Transport Engineering

Transport Engineering Traffic Analysis

UNSW's Research Centre of Transport Engineering

Traffic Control

NICTA (the National Information and Communication Technology Australia research centre, co-founded by UNSW) has identified transport engineering as a priority for the next five years and thrown its support behind the new centre.

Terry Percival, NICTA’s Research Laboratory Director, says developing smart roads – those that can make choices through traffic lights that can “see” and other sensors built into the roads and then adapt to changing traffic patterns – is a critical part of current transport research. “If we haven’t got it out on the roads in 10 years, then we should give up now,” he says. “If we don’t do something by that time, the cities will be totally congested.”

Part of NICTA’s work with the RTA is occurring right outside UNSW’s main campus, on the intersection of Barker Street and Anzac Parade. The three-year study is assessing how to improve the flow of traffic in changing conditions. “Traffic changes each day, depending on weather, school holidays and many other factors and one of the biggest issues when you make changes to control is working out whether you’ve actually improved things or not,” Terry says.

He says that once such engineering challenges are fixed, other related problems will subside. “Obviously the environment is very important and by making transport more efficient you get environmental benefits.”

Transport Engineers Working

Vehicle Communication

Professor Mahbub Hassan, from UNSW COMPUTING, says intelligent transport will be the next big thing in engineering and an area that has been gaining momentum over the past five years. “It’s a worldwide thing, just not in Australia. All different transport entities – vehicles, bridges, traffic lights, roads – everything will communicate and cooperate, exchanging information with each other, improving safety and efficiency of the transport system.” For example, Mahbub says 60% of accidents could be avoided if the driver was warned half a second earlier of an impending crash. This could be achieved if vehicles were all sending information of their location and speed every tenth of a second to every other vehicle on the road.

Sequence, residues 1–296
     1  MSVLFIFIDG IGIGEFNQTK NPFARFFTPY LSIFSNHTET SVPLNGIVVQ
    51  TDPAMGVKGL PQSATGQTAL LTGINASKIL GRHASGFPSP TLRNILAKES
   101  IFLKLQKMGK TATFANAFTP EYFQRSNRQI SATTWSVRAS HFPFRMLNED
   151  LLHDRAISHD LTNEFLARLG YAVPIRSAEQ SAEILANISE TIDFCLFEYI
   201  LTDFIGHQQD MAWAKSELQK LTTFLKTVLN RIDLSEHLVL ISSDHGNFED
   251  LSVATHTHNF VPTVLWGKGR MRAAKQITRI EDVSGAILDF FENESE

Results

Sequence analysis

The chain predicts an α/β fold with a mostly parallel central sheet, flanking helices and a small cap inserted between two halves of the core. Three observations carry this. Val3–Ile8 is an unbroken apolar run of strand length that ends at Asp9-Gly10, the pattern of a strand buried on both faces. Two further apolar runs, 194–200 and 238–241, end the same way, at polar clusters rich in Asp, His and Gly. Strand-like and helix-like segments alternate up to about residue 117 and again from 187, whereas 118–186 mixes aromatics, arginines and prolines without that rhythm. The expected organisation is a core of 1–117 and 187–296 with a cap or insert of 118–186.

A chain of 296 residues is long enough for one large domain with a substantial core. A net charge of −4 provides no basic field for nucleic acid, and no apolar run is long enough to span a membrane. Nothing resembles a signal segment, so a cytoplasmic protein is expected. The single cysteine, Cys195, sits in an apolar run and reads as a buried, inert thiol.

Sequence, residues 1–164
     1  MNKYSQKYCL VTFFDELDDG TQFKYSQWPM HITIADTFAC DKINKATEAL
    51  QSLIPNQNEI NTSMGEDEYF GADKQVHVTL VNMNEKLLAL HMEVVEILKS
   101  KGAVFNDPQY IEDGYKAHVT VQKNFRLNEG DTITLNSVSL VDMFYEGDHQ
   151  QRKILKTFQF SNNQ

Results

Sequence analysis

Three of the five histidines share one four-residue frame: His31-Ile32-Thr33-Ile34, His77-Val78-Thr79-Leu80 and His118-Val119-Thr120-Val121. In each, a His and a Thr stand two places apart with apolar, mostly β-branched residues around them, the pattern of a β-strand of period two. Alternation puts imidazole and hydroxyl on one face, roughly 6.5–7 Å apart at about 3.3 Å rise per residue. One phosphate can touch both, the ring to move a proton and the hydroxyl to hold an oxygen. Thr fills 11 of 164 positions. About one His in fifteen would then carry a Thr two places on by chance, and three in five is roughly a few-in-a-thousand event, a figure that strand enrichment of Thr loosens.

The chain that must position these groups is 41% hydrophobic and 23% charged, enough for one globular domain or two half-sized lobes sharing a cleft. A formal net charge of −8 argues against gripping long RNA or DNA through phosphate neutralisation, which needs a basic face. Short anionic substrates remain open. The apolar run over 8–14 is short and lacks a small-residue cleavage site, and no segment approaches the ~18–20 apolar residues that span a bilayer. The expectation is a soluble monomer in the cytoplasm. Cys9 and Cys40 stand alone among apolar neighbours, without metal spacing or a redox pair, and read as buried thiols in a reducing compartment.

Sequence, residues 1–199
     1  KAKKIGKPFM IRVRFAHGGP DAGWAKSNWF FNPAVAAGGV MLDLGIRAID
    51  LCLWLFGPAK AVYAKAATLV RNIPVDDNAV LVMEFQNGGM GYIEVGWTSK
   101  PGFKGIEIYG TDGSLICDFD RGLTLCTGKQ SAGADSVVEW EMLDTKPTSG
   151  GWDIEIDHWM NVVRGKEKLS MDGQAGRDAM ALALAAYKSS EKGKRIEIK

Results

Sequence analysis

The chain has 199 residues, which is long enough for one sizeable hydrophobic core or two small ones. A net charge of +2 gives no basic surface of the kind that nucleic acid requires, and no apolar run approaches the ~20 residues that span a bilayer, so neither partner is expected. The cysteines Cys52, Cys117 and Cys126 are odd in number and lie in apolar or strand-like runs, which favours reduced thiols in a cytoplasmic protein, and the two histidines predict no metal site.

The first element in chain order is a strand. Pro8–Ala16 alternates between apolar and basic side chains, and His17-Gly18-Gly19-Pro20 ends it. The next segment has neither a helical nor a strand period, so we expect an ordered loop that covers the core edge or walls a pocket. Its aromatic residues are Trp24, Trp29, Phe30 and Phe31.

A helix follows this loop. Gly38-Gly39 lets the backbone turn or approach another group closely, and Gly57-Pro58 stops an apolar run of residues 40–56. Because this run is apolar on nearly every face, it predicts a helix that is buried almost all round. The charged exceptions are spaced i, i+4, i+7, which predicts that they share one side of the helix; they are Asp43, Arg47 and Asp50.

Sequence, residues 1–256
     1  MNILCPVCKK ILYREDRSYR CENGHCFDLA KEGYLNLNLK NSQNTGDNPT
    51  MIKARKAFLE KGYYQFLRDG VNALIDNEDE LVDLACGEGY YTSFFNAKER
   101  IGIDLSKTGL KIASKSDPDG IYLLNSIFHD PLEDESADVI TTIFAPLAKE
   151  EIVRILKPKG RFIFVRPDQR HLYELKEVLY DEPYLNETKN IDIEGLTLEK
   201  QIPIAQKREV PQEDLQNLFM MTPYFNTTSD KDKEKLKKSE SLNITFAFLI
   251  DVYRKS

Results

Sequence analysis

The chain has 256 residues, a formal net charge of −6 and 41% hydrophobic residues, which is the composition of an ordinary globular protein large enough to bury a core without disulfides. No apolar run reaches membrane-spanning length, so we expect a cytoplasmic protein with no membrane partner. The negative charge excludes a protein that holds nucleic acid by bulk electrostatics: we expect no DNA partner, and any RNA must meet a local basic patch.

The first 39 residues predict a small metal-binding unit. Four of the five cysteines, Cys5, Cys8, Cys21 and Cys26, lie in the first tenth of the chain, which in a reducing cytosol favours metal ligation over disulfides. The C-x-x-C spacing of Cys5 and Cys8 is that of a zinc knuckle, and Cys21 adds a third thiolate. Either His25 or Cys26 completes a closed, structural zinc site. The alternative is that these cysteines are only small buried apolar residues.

Mahbub says one of the challenges with such a system that he has been tackling for years is the need for extremely rapid verification and error control. With each package of information, such as an email, part of the package is “handshaking, acknowledgement and error recovery”, Mahbub says. “With emails you can wait for seconds and it’s one-to-one communication. But here we are talking about 500–600 states in a moving environment, all trying to get the information.” The information and error control will have to be conveyed 10 times a second.

The systems – probably in prestige cars only at first – will have limited application until more vehicles are fitted with the communicating devices. However, down the road, Mahbub envisions that the vehicles themselves will make decisions to avoid accidents. “We’re not claiming the road toll will be zero, but even if we could reduce 1,000 fatal accidents by just 20%, that’s 200 lives we’ve saved. There are one million people dying on the world’s roads each year at the moment.”
Mahbub says smart roads will also greatly increase the efficiency of the transport system, with traffic lights talking to each other and emergency services able to respond in less time. “It remains to be seen how the technology pans out,” he says. “There is significant momentum. We have crossed the point of no return.”